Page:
I head back home and think that I might be able to get out of this situation if I just stick with it, and apply to more jobs. In this day and age, it’s very difficult to get a job even if you’re qualified for it. You have to know someone on the inside, or find an edge, because the field is way too competitive. My Craigslist job search lands me right in the middle of a check cashing scam. I’m thinking I’ve found a way to make a couple hundred dollars a week to cover my cell phone bill and car insurance by running a few administrative errands, but these criminals are just trying to get me to launder money.
I log on to CareerBuilder, and find a freelance writing position that allows you to work remotely, only to find myself being prompted to buy something to submit my resume for the opportunity. Is this what America has come to? Is capitalism so bad in this country that exploiting people looking for employment has become a business? In this country, the underemployed and unemployed are being preyed upon for their need to make more money to survive. Someone actually sat down while creating a business/marketing plan and said, “The unemployed are an easy target.” No one should have to pay a company to hire them. Isn’t that the definition of a scam? Network marketing companies that make people pay to join their company and sell their products are a scam. All these companies are doing is selling pipe dreams, while bleeding marginal income from their members. I’ve seen many of my friends join these companies with hopes of becoming millionaires, and years later they’re still shoveling a good chunk of their income into buying products to support their so-called “own business,” but in reality, they’re simply solidifying profits for these companies.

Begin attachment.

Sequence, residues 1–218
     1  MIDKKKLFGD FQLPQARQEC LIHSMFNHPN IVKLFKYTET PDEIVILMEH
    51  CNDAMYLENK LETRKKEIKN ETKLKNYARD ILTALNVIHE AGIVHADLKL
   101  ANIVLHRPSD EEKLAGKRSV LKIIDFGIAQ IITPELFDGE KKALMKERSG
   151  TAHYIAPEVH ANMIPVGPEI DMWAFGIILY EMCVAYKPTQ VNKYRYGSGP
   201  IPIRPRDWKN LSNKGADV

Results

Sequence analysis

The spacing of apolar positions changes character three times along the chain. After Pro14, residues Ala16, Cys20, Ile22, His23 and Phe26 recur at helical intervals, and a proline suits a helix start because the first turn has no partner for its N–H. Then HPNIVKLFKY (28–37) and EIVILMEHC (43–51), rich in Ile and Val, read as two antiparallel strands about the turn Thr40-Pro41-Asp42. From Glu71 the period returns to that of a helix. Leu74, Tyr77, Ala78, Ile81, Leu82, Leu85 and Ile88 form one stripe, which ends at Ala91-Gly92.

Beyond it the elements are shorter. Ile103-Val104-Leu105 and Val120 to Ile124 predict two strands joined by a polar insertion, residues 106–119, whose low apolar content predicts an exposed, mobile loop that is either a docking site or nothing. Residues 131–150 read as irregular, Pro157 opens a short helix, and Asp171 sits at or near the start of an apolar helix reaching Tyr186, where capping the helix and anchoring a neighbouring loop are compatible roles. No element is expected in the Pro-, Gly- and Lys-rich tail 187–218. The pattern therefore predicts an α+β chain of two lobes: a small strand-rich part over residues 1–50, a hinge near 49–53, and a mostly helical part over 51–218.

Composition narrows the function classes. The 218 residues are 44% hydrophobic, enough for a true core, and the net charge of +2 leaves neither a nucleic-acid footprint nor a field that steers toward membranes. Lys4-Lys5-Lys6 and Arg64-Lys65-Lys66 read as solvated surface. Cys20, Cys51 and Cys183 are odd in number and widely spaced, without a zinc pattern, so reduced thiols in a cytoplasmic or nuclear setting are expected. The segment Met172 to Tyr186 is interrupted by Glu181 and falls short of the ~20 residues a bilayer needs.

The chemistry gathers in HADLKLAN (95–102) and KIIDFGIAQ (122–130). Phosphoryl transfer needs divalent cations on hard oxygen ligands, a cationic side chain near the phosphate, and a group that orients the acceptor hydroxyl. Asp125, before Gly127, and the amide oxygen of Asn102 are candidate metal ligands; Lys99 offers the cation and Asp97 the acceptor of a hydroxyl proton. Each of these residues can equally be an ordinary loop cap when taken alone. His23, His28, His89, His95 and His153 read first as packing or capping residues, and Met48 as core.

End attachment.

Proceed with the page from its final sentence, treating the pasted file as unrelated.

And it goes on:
I ask myself, “Where do I go from here?”
This is a very difficult question considering that I’ve only had one major interview in 21 months. I’ve sprained my neck trying to break into the acting world as a stunt man. I’ve sat in lobbies for interviews flanked by baby boomers with decades more experience than me. I’ve worked retail for $8.50/hour when my skill set is well worth an $80,000 salary. Going back to school seems to be my best option, but I know that a Master’s degree doesn’t guarantee income, so it doesn’t make a lot of sense to dig a five-figure hole of debt to get one.
I ask myself, “Where does America go from here?”
We’re in a death spiral that’s been getting worse for the last 10 years. When the people that are being affected by it the most speak out, the powers that be shut them up by making it seem criminal to want the American Dream. As a child of the ’80s, I can say that the American Dream was shoved down my throat every day, and I was lead to believe that all I had to do was get a Bachelor’s degree and I could get a nice job and live a nice life. Wrong—in this day and age, the American Dream is a fallacy perpetuated by substance-less reality TV stars. I used to have visions of BMWs and houses, but now I just want to make enough money to have a decent home and raise a family. How exactly is it that I’m going to accomplish this? I don’t know, but I’ll be contemplating it as I’m sucking up my pride and standing in the county line.
Deji Wesey was born and raised in Los Angeles, Calif. His many adventures around the world have given him a unique global perspective, which he seeks to express through writing and film. He’s the author of My Africa; A spiritual journey and cultural exploration. Photo: Flickr/Wonderlane